Giacalone's most disturbing allegation is that the IRS investigation was somehow hushed up to protect Abrams' political interests. Significantly, however, Giacalone never raised this point with his superiors. His emphasis on Scott's purported political motivation is therefore off the mark because the Pickering balancing test looks to the employee's interest in speaking. Abstract concern about a particular subject carries no weight if the employee chooses not to articulate it.
The concerns Giacalone did express to Scott reflected only differences of opinion over the conduct of the dispute with the IRS. As to the substance of that dispute, Giacalone merely disagreed with Rubin on the legality of retaining the money pending resolution of the dispute. There was room for legitimate difference of opinion on this point, however. Indeed, despite Giacalone's later insistence on prompt release of the funds to the workers, he himself initially advised that payment be delayed until the withholding issue could be clarified. See J.App. at 749. His own change of mind suggests that the Department was simply pursuing a strategy it believed to be legally meritorious.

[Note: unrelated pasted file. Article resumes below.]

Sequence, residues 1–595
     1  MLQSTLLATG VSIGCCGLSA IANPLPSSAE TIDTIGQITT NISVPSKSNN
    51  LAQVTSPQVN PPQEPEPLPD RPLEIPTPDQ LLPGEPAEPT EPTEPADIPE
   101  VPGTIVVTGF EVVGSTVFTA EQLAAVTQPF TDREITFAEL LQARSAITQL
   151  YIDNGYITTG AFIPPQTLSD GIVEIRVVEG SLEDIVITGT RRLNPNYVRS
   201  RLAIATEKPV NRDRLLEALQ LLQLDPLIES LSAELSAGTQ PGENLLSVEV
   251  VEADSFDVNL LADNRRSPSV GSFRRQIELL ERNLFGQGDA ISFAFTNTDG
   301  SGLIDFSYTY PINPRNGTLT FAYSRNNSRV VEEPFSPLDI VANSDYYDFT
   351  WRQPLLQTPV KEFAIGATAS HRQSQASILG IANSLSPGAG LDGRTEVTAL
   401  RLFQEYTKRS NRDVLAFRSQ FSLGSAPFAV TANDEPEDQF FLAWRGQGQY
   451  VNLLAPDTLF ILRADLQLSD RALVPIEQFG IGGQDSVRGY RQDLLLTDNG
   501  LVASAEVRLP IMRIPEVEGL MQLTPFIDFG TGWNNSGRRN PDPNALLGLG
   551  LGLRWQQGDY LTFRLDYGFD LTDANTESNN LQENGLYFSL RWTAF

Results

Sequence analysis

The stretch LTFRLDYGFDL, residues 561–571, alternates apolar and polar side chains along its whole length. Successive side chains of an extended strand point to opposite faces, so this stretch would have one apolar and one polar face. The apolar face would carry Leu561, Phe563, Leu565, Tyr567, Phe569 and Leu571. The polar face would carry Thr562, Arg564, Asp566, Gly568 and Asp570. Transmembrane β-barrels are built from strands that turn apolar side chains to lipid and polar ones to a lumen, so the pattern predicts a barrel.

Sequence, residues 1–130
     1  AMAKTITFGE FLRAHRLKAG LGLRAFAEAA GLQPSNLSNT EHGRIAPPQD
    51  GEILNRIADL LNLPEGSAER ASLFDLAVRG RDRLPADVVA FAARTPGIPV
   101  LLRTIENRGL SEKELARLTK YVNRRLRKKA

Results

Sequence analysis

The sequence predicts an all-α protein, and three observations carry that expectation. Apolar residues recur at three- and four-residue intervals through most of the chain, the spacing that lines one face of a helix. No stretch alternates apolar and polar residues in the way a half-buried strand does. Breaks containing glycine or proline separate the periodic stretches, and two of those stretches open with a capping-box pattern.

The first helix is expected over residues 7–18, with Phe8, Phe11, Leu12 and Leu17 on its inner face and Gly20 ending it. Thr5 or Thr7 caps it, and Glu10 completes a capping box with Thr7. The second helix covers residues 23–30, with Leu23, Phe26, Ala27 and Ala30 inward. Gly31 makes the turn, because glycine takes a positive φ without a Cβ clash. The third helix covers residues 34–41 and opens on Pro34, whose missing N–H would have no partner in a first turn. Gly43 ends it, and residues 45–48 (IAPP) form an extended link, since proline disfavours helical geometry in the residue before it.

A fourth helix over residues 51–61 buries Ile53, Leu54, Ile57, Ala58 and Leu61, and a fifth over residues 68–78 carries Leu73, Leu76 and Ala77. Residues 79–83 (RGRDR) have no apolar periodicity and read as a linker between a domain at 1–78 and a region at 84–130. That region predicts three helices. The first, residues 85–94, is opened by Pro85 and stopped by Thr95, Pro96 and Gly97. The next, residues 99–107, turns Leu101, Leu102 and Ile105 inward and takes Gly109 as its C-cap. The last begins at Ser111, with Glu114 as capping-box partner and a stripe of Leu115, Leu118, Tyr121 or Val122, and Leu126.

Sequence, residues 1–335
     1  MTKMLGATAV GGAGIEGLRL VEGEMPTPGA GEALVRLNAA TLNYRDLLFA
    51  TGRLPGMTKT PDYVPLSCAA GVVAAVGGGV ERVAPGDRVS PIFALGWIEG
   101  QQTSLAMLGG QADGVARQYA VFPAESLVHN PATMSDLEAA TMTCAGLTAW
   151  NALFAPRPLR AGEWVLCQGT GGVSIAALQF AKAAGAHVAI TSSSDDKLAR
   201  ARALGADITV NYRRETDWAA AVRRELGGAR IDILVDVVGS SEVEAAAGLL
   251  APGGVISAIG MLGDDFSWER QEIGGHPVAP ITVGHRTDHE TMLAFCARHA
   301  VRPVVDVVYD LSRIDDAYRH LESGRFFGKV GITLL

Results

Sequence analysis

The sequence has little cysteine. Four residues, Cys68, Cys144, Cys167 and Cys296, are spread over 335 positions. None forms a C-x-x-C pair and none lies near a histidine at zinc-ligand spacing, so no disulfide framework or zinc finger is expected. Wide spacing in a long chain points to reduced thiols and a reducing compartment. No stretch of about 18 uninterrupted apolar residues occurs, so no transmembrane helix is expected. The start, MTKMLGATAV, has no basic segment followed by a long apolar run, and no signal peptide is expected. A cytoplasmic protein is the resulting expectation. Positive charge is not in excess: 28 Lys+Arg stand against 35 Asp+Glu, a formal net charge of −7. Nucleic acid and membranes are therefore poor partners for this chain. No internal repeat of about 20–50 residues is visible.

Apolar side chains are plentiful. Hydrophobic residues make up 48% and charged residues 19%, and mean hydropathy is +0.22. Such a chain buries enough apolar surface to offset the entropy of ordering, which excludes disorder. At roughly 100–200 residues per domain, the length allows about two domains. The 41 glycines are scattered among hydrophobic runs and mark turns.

Giacalone's allegations of ethical impropriety fare little better. He characterizes Scott's insistence on consulting with the Department of Labor as a stalling tactic, see J.App. at 535, but also makes the inconsistent argument that the Department of Law's alleged failure to initiate such consultation was an ethical violation.2 He also alleges that the failure to disburse the settlement proceeds constituted a failure to act in the workers' best interests. He does not explain, however, how the Department of Law could ethically disregard the interests of the Department of Labor, which was more directly a "client" of the Department of Law and which was also at risk of being saddled with withholding liability. Giacalone's inability to steer a steady course through these issues indicates that they were debatable and complex, and that his comments concerned legitimate differences of legal opinion.3